US report: Colleges not disclosing card contracts
By Tony Mecia | Published: December 18, 2015
Many U.S. colleges are failing to publicly disclose their financial ties to credit card companies, in an apparent violation of consumer-protection laws, according to a federal consumer watchdog agency.
The Consumer Financial Protection Bureau says that in a sample of 25 colleges with the largest marketing agreements with credit card issuers, 17 did not appear to disclose those relationships by either placing the agreements on the school's website or making them available upon request. The Bureau said it sent warning letters to those colleges, which it declined to name.
The results of that sample suggest that lack of disclosure by colleges could be a widespread problem. There were 272 marketing agreements between colleges and card issuers at the end of 2014, the agency says. It receives information on the agreements from card companies, but colleges are still supposed to disclose the relationships to the public as required by the CARD Act of 2009.
The financial ties between card issuers and colleges have been under scrutiny for years. Critics say that students targeted with credit card marketing from their colleges might not know their colleges have a financial stake in pushing the cards and might fail to shop around for rival cards with lower fees and interest rates.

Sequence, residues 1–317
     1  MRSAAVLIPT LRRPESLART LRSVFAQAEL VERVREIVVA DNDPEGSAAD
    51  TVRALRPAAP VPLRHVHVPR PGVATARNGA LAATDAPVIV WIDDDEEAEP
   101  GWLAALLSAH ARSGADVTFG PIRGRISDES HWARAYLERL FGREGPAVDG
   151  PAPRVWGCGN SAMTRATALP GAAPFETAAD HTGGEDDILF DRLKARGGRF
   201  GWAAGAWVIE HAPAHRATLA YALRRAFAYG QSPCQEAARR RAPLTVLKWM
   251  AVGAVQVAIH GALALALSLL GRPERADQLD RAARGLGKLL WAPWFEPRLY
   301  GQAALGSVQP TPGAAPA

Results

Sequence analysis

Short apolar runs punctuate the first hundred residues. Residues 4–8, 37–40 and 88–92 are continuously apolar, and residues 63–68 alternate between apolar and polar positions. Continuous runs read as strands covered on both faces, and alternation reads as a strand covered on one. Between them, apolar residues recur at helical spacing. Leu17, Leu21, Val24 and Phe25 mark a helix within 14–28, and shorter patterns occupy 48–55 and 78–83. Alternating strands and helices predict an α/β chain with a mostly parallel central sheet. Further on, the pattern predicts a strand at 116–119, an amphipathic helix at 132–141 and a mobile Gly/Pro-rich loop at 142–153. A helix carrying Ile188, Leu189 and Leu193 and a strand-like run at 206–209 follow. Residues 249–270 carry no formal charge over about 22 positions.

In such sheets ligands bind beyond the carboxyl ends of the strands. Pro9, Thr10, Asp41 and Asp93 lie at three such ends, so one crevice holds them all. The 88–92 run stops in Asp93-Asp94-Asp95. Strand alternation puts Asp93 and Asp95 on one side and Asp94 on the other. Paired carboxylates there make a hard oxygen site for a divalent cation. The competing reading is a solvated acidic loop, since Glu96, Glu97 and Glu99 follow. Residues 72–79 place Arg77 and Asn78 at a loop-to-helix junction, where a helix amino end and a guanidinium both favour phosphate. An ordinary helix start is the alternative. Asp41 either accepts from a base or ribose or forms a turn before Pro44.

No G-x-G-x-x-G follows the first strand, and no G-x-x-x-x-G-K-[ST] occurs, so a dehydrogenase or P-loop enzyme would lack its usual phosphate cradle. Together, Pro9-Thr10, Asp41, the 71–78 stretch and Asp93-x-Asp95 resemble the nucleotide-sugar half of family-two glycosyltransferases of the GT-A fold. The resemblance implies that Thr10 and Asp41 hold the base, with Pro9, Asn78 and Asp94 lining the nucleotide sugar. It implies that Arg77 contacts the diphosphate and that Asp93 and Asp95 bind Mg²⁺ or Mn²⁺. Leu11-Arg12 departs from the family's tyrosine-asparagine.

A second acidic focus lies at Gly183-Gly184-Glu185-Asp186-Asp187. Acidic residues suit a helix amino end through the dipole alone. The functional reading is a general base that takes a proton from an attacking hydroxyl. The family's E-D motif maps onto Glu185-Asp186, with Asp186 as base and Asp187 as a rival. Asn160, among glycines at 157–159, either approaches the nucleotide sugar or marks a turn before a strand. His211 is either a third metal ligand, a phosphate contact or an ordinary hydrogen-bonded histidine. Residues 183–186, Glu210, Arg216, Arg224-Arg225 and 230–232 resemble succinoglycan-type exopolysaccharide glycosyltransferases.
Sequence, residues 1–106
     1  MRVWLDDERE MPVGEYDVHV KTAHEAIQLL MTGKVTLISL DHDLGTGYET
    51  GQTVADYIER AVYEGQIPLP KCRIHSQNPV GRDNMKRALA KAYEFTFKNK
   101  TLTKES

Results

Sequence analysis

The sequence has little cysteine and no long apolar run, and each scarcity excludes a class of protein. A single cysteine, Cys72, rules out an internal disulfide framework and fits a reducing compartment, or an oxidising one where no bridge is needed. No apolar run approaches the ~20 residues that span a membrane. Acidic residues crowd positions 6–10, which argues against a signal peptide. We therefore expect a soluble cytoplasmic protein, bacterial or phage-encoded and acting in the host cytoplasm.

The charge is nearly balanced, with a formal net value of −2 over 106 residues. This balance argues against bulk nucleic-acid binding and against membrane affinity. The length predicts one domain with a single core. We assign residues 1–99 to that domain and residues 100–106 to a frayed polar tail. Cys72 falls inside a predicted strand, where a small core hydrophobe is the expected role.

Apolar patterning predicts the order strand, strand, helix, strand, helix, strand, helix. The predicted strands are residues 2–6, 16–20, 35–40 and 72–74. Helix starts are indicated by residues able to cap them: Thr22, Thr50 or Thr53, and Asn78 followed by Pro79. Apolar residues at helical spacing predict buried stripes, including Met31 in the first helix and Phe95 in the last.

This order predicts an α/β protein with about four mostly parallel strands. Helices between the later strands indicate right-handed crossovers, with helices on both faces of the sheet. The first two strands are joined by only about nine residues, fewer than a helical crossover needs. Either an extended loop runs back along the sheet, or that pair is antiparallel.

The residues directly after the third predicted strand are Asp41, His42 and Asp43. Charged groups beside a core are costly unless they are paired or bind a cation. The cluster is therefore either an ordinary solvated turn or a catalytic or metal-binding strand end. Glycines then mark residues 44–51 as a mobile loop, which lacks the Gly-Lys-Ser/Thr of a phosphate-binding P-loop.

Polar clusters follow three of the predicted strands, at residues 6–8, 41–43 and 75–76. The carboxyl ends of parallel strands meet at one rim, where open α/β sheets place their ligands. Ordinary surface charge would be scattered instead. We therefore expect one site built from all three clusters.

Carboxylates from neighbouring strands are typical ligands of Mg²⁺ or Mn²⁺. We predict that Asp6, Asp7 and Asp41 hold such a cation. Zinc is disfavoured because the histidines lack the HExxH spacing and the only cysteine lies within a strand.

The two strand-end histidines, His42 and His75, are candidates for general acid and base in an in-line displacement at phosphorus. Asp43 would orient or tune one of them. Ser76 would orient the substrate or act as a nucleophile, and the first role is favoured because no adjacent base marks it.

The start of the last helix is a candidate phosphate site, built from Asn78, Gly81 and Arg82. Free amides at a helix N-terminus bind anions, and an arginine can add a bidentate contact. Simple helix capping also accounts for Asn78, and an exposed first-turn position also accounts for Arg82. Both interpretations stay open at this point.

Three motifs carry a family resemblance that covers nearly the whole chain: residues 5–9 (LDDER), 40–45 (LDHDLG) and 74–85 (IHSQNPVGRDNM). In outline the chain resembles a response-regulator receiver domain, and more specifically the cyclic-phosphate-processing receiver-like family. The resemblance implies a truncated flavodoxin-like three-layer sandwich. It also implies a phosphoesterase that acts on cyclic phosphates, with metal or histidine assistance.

"History tells us that when schools and financial institutions get together behind closed doors, students can pay a steep price," said CFPB Director Richard Cordray, in a statement accompanying the Bureau's annual report to Congress.
A spokeswoman for the leading trade group for college business offices, the National Association of College and University Business Officers, said nobody was available to discuss the issue.
A spokeswoman for Penn State University, whose alumni association is identified in the report as having the most accounts open as of 2014, said she believed her university is in compliance with the law because it makes its agreement available to anybody who requests it. The University did not believe it had received a letter from the CFPB as of Thursday.
The CFPB did not say what penalties colleges might face if they refuse to comply with disclosure requirements. In general, the agency has a wide range of enforcement options, including seeking civil penalties and court orders.
The agency's failed attempts to obtain the credit card agreements from colleges follows a similar effort in January 2015 by Consumers Union, a consumer advocacy group. In a letter posted on the group's website, it said staffers used information from previous CFPB reports to determine the 10 colleges with the most credit card accounts whose websites contain neither the agreement nor any guidance on how to obtain it.
Consumers Union then contacted those schools and found that "none of the campus switchboard operators we spoke with had any knowledge of what a college credit card agreement was, nor did they know which office might be able to respond to our request."
The 10 colleges were Yale University, Columbia University, Fordham University, University of Miami, University of Pittsburgh, Villanova University, University of Southern California, Northeastern University, Texas Christian University and Saint Louis University, Consumers Union said.
issuer scales back